Authors of the study include Cathee Till, Phyllis J. Goodman, Marian L. Neuhouser and Alan R. Kristal from the Fred Hutchinson Cancer Research Center; Howard L. Parnes, William D. Figg, and Demetrius Albanes from the National Cancer Institute; Eric A. Klein from the Cleveland Clinic; and Ian M. Thompson Jr., from the University of Texas Health Sciences Center.


Story Source:

The above story is based on materials provided by Johns Hopkins Medical Institutions. Note: Materials may be edited for content and length.


Cite This Page:

Johns Hopkins Medical Institutions. "Low Cholesterol May Shrink Risk For High-grade Prostate Cancer." ScienceDaily. ScienceDaily, 6 November 2009. <www.sciencedaily.com/releases/2009/11/091103121607.htm>.
Johns Hopkins Medical Institutions. (2009, November 6). Low Cholesterol May Shrink Risk For High-grade Prostate Cancer. ScienceDaily. Retrieved November 26, 2014 from www.sciencedaily.com/releases/2009/11/091103121607.htm
Johns Hopkins Medical Institutions. "Low Cholesterol May Shrink Risk For High-grade Prostate Cancer." ScienceDaily. www.sciencedaily.com/releases/2009/11/091103121607.htm (accessed November 26, 2014).

Share This


More From ScienceDaily



More Health & Medicine News

Wednesday, November 26, 2014

Featured Research

from universities, journals, and other organizations


Featured Videos

from AP, Reuters, AFP, and other news services

From Popcorn To Vending Snacks: FDA Ups Calorie Count Rules

From Popcorn To Vending Snacks: FDA Ups Calorie Count Rules

Newsy (Nov. 25, 2014) — The US FDA is announcing new calorie rules on Tuesday that will require everywhere from theaters to vending machines to include calorie counts. Video provided by Newsy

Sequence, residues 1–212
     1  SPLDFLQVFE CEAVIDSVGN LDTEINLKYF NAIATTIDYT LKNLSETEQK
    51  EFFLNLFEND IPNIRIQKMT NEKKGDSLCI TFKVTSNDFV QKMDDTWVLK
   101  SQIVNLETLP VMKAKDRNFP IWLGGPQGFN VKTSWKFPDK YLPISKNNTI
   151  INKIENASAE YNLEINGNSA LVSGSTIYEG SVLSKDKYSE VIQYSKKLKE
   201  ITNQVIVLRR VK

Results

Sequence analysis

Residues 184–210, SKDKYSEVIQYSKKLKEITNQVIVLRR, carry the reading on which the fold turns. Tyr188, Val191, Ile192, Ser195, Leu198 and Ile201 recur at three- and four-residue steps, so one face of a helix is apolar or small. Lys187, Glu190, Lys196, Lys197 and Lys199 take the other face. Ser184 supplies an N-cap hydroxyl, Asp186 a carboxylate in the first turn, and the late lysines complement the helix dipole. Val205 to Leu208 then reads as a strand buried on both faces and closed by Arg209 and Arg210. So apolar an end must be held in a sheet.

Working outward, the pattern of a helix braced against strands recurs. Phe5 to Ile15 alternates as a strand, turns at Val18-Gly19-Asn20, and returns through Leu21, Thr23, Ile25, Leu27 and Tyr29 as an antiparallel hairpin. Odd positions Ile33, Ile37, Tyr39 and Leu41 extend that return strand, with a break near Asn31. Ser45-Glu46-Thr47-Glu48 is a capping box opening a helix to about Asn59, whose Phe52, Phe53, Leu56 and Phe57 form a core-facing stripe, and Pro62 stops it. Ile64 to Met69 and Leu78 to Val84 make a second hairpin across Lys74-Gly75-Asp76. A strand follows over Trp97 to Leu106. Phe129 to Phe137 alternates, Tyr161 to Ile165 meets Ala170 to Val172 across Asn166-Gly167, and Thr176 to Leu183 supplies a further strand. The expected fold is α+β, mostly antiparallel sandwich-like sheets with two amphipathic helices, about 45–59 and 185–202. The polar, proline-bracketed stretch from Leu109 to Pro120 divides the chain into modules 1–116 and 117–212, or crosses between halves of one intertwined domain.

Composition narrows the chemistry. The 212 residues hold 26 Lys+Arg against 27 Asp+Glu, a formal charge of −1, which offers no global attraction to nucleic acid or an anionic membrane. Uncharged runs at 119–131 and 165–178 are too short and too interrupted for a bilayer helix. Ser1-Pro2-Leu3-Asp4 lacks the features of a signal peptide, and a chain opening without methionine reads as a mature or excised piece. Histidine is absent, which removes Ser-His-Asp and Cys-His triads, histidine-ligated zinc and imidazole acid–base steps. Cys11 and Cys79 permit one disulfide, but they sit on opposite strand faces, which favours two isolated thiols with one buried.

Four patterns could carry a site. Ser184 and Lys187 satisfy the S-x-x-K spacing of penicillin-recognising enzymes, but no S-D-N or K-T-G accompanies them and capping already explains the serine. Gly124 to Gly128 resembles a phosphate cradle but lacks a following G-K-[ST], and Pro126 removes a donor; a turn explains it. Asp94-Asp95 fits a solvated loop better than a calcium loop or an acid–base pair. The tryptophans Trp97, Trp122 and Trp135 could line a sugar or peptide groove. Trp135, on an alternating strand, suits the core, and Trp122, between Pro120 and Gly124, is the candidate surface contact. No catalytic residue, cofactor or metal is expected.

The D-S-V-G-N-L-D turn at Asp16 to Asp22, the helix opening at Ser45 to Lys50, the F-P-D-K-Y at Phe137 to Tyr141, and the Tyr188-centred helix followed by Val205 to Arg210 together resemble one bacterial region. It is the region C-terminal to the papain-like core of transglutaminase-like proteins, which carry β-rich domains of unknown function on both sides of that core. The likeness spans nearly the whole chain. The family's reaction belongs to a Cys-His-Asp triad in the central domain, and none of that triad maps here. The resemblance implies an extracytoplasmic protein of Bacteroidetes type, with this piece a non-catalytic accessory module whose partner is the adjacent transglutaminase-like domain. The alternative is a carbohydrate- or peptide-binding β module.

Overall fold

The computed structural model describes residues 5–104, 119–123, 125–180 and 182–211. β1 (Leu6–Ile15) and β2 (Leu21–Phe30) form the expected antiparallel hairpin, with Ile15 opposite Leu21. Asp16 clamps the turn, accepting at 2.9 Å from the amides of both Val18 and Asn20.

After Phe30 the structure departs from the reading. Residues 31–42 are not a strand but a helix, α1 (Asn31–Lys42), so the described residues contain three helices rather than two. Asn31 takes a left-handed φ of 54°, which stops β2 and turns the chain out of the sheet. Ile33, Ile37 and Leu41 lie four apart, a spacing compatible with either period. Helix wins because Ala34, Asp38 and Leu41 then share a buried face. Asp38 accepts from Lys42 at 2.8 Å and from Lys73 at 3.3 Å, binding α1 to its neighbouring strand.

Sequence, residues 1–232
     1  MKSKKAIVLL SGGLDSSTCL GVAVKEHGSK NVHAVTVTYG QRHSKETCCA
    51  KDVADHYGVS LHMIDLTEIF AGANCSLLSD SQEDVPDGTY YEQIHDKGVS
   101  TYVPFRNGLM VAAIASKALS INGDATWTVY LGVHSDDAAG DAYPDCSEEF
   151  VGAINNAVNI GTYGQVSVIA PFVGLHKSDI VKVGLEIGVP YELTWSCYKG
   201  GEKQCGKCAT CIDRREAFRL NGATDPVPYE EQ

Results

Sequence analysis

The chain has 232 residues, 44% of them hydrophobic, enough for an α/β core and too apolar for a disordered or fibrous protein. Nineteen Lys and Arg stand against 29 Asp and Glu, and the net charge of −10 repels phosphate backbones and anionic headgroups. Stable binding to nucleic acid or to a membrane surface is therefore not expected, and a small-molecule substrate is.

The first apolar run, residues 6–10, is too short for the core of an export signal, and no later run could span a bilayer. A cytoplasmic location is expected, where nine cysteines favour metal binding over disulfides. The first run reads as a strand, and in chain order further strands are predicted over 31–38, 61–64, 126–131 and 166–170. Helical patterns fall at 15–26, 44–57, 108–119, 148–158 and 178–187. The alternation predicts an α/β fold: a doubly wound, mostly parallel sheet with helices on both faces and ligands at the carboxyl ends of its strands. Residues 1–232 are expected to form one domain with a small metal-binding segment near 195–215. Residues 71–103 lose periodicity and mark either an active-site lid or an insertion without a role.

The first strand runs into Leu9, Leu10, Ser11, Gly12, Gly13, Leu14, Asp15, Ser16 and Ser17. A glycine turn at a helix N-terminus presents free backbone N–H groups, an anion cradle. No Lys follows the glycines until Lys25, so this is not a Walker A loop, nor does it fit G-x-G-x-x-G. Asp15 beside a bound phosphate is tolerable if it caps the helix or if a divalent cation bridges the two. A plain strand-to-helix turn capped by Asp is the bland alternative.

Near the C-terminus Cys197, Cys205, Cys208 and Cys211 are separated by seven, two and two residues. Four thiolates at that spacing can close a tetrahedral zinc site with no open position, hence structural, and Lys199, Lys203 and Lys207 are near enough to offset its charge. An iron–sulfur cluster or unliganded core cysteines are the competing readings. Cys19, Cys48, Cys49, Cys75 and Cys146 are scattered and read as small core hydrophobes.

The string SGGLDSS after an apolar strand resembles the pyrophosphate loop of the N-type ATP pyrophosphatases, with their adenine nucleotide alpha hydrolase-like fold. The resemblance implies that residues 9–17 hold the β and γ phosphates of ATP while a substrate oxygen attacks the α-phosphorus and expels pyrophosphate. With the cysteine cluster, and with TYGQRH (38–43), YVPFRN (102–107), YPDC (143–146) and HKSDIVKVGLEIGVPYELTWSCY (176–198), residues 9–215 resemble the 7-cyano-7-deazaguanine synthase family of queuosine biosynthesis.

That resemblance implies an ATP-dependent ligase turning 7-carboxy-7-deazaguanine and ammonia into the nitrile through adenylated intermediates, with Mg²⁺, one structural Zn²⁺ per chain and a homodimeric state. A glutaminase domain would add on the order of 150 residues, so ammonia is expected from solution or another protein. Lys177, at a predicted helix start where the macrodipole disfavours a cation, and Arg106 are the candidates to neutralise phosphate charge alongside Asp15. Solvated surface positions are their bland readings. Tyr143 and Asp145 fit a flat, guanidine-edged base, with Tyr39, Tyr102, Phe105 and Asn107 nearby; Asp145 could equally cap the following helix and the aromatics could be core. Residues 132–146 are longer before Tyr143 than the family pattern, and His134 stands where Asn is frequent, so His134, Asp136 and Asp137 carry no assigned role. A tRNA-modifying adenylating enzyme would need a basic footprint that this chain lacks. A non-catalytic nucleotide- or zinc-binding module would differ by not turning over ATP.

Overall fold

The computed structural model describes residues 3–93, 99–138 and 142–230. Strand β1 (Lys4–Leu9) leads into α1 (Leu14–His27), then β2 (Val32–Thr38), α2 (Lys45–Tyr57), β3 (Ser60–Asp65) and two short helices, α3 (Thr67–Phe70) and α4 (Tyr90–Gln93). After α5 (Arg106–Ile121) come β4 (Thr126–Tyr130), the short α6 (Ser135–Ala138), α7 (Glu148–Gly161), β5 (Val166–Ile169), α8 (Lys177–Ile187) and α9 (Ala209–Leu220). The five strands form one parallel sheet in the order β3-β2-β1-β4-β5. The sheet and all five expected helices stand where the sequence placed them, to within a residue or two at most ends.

Powered by NewsLook.com
Daily Serving Of Yogurt Could Reduce Risk Of Type 2 Diabetes

Daily Serving Of Yogurt Could Reduce Risk Of Type 2 Diabetes

Newsy (Nov. 25, 2014) — Need another reason to eat yogurt every day? Researchers now say it could reduce a person's risk of developing type 2 diabetes. Video provided by Newsy
Powered by NewsLook.com
Madagascar Working to Contain Plague Outbreak

Madagascar Working to Contain Plague Outbreak

AFP (Nov. 24, 2014) — Madagascar said Monday it is trying to contain an outbreak of plague -- similar to the Black Death that swept Medieval Europe -- that has killed 40 people and is spreading to the capital Antananarivo. Duration: 00:42 Video provided by AFP
Powered by NewsLook.com
Are Female Bosses More Likely To Be Depressed?

Are Female Bosses More Likely To Be Depressed?

Newsy (Nov. 24, 2014) — A new study links greater authority with increased depressive symptoms among women in the workplace. Video provided by Newsy
Powered by NewsLook.com

Search ScienceDaily

Number of stories in archives: 140,361

Find with keyword(s):
 
Enter a keyword or phrase to search ScienceDaily for related topics and research stories.

Save/Print:
Share:  

Breaking News:

Strange & Offbeat Stories

 

Health & Medicine

Mind & Brain

Living & Well

In Other News

... from NewsDaily.com

Science News

Health News

Environment News

Technology News



Save/Print:
Share:  

Free Subscriptions


Get the latest science news with ScienceDaily's free email newsletters, updated daily and weekly. Or view hourly updated newsfeeds in your RSS reader:

Get Social & Mobile


Keep up to date with the latest news from ScienceDaily via social networks and mobile apps:

Have Feedback?


Tell us what you think of ScienceDaily -- we welcome both positive and negative comments. Have any problems using the site? Questions?
Mobile iPhone Android Web
Follow Facebook Twitter Google+
Subscribe RSS Feeds Email Newsletters
Latest Headlines Health & Medicine Mind & Brain Space & Time Matter & Energy Computers & Math Plants & Animals Earth & Climate Fossils & Ruins